In the late-nineteenth and early-twentieth centuries, California agriculture underwent a
fundamental transformation as the state’s farmers shifted from the production of wheat to a rich
variety of tree, vine, and row crops.
This transformation required a wholesale shift in the
production processes, with new farming practices, new labor systems, and new marketing
structures. But success also required new legal, scientific, and institutional structures to
overcome the serious threat that diseases and pests posed to the state’s new intensive fruit and
This paper examines a number of case studies, showing how specific pests and
diseases nearly destroyed commercial production of grapes, and several tree crops and how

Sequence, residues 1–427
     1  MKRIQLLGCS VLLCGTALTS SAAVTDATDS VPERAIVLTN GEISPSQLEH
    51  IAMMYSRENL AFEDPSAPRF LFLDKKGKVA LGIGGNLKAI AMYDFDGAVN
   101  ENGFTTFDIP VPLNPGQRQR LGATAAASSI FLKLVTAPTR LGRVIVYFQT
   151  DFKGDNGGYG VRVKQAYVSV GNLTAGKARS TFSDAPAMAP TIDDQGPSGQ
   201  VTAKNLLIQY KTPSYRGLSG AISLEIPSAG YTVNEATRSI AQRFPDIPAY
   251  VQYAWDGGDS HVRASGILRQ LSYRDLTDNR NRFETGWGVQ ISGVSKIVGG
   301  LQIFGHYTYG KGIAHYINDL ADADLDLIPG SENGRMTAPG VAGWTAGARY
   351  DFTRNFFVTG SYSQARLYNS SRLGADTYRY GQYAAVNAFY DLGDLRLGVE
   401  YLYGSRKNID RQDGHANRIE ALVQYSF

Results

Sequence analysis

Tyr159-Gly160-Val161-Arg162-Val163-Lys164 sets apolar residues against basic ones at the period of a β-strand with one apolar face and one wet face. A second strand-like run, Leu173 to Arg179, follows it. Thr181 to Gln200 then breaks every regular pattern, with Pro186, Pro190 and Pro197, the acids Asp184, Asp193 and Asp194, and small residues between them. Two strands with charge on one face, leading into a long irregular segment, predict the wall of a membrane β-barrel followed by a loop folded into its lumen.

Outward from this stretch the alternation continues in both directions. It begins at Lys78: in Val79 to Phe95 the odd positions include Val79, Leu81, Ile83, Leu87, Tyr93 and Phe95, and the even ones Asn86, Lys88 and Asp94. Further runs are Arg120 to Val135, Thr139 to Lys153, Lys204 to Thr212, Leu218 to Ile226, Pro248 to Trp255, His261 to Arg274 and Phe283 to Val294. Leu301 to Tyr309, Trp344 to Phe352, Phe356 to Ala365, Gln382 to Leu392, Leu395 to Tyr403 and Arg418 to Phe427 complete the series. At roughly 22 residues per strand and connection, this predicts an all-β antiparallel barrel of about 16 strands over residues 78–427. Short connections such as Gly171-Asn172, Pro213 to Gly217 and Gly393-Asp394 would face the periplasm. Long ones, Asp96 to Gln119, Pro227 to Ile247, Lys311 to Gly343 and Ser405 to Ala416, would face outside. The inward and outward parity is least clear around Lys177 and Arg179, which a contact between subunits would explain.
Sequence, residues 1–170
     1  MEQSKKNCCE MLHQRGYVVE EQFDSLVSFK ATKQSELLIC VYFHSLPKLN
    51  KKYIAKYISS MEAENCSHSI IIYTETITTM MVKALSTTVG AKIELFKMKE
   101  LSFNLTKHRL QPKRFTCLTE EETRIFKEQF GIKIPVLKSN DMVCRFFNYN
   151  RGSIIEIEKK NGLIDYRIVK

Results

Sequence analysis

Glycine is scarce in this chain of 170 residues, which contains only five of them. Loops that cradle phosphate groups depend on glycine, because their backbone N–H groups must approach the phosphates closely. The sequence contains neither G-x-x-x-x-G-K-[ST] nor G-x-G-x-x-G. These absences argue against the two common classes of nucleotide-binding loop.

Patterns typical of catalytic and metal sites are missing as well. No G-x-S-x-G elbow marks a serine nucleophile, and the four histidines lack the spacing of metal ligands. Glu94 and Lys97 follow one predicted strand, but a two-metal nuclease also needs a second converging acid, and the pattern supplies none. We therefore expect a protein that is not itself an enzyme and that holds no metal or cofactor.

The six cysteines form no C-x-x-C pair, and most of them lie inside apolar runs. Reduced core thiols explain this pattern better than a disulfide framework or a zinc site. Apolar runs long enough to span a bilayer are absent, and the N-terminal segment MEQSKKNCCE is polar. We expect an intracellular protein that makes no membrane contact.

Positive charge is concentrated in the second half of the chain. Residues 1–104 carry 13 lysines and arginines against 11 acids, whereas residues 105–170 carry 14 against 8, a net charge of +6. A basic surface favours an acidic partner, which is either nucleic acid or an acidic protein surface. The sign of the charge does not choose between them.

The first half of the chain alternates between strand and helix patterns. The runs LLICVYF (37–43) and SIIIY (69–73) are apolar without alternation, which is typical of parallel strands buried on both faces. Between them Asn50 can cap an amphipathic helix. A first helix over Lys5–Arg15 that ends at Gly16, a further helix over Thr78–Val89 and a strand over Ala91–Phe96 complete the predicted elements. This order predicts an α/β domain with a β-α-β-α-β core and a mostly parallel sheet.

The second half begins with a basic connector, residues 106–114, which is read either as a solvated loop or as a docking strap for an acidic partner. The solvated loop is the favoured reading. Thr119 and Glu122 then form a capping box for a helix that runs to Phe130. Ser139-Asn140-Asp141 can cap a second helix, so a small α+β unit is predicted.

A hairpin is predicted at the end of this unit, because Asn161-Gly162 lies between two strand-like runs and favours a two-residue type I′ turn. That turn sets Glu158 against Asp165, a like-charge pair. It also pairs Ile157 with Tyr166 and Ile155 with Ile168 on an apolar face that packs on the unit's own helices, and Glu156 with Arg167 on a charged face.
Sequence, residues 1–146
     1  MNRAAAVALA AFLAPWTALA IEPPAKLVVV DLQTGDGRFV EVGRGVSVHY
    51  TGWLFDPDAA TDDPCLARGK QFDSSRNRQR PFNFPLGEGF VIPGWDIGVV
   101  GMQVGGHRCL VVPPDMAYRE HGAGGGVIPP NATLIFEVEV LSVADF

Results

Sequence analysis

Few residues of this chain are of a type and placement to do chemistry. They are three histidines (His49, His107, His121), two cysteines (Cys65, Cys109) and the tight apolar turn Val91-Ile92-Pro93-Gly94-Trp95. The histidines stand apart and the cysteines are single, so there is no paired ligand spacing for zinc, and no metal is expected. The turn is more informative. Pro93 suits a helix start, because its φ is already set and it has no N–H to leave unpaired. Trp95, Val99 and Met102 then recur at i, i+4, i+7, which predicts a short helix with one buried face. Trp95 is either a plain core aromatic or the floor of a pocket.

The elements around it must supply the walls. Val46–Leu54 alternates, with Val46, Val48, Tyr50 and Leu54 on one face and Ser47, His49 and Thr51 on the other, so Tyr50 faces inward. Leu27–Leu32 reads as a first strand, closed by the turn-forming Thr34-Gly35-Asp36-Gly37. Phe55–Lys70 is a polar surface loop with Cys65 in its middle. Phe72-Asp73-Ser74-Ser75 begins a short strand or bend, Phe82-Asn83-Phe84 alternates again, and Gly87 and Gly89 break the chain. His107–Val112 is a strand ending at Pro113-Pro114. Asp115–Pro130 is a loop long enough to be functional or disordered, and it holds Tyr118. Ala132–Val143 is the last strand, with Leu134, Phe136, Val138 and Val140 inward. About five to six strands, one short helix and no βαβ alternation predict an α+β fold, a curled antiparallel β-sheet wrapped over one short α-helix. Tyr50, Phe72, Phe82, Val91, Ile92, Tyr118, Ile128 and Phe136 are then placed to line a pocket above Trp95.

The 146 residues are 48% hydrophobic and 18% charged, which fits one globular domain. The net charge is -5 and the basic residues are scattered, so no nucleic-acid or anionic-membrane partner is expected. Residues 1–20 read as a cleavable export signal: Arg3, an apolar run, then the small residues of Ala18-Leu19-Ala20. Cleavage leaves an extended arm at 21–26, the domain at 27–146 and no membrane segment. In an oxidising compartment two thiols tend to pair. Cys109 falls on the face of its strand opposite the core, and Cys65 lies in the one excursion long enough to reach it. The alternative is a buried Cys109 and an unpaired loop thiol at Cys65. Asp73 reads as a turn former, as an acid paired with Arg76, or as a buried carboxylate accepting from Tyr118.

farmers responded to these threats.
One response was to demand government help to overcome
the free rider problem and other sources of market failure. The result was to strengthen the
scientific infrastructure within the University of California and the USDA and to enact
quarantine legislation to limit the free movement of plants and fruit. We argue that these
instances the private and social returns to collective actions far exceeded the costs.